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Classic Monte Carlos
If there is one name that car lovers know in the United States, it is the name synonymous with one of Chevrolet’s most famous projects ever undertaken… the Monte Carlo. The Chevrolet Monte Carlo was introduced by the auto giant known as Chevrolet in 1969, and since has gone through six generations, all of which have been two door luxury coupes. These models have always closely resembled full sized sedans, which has been one of the reasons that Monte Carlos survive even to this day. The perfect blend of sport and family luxury lies in this brilliant brainchild, and many generations have grown up going everywhere, from the soccer games to the racetrack, in a Monte Carlo. Your grandfather most likely has a Monte Carlo in his garage as a project car, and there is a very good chance that your parents have owned at least one in their lifetime.
The Monte Carlo is broken down into six generations. The first generation Monte Carlo took place from 1970 through 1972. After that, the second generation took over until 1977. The three years from 1978 to 1980 saw the third generation, which was followed up by the fourth until 1988. This spelled the last year for the fourth generation Monte Carlo, and it was replaced by the Lumina in the years following. The fifth generation, and the revival of the Monte Carlo, started in 1955, and went until 1999. During this generation, the Lumina stayed in production, but the two-door version took on the tried and true name of Monte Carlo. The sixth generation of the Monte Carlo started after this.
The first and second generation Monte Carlo saw a revolution in the way this car looked. Obviously, the changes brought on with the second generation of the automobile were loosely based on the first generation, but you can tell that a lot of rethinking and body changes were implemented. The front end was “bigger”, sometimes even thought of as larger than life!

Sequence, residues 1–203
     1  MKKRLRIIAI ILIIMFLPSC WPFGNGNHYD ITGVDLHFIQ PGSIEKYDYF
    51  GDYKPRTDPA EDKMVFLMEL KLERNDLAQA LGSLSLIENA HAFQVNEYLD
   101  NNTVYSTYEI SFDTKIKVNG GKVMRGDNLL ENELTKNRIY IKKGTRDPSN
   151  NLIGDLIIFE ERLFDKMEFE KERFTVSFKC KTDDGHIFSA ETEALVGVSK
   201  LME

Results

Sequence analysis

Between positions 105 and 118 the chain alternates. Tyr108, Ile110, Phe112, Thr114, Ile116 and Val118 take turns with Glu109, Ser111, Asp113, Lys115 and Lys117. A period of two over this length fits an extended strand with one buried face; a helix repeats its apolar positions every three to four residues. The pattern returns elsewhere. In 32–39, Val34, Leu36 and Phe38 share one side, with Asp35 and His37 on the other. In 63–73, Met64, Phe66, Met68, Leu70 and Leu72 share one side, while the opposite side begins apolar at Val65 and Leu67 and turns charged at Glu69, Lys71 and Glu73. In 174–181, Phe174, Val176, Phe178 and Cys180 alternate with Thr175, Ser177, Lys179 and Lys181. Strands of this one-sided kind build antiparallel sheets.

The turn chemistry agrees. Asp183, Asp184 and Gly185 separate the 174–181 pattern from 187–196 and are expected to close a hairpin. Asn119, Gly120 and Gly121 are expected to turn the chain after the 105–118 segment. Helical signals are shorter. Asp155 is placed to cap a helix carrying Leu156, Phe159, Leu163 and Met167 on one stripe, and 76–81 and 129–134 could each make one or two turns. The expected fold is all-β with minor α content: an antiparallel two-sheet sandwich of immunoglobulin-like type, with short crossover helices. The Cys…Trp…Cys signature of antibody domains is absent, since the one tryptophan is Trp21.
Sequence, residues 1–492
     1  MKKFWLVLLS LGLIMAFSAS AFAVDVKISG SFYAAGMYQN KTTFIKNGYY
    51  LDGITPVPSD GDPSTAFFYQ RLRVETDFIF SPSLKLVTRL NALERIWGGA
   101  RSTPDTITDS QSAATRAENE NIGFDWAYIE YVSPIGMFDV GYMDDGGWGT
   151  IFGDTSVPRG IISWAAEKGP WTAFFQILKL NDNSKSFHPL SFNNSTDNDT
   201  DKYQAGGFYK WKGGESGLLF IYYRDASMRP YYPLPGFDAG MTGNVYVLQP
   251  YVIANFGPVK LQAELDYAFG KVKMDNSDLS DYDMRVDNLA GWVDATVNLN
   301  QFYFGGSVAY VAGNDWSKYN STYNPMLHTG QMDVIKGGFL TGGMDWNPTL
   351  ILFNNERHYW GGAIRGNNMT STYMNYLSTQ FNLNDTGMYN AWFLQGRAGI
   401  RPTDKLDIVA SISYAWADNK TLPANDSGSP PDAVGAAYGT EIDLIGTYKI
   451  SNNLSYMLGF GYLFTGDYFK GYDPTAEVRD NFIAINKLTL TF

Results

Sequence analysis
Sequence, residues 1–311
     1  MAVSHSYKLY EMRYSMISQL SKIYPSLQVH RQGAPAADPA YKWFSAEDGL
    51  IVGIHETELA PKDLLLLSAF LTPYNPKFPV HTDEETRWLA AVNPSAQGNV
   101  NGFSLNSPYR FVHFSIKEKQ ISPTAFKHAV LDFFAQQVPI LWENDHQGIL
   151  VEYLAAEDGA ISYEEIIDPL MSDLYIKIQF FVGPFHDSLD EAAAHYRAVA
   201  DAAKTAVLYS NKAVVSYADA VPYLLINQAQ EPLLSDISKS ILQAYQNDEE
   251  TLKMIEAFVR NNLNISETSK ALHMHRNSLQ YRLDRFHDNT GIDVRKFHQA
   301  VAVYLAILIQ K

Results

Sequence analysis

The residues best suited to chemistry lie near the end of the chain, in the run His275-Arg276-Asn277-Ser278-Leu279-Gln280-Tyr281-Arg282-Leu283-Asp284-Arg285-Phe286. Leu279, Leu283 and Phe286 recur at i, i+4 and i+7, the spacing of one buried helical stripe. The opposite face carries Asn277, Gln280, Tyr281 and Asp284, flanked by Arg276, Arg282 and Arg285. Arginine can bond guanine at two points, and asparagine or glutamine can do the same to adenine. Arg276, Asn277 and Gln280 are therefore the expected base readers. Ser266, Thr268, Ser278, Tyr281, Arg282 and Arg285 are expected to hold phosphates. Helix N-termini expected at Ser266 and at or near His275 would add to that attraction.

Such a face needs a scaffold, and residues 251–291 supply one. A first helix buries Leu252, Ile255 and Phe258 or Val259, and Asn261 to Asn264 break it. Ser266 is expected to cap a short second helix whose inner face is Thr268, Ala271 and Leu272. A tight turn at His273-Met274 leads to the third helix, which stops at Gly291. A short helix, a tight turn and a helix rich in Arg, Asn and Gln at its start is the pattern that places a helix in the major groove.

The third generation Monte Carlo greatly resembled the second generation, but the front end was made a bit smaller. The swoop on the side was kept, and the car has a somewhat “boxlike” design. The design was aerodynamically though out, but it was still a bit box-like.
The fourth generation Monte Carlo saw, again, the same basic design. This design was inspired a lot by the previous generation, and at this point, the remnants from the older, second generation were beginning to disappear entirely. The front end was getting smaller, the car torso was getting a little bit sleeker, and it started to look more modern. The boxlike design continued to be predominant, but it was less noticeable. This was definitely a transitioning phase for the Monte Carlo, and after this generation, the Monte Carlo would change forever. 1983 was a distinctive year for the Monte Carlo, as the SS was brought back. This model featured a much more aerodynamic front end, and a more sleek design. Here, the automobile was beginning to get that look that it would have in the future, and it was this front end design that became popular with NASCAR teams. As this generation progressed, the cars became more aerodynamic. Gone were the days of box-like Monte Carlo vehicles, as the American’s were craving power and sleekness as a result of the emissions regulations from the late 1970s.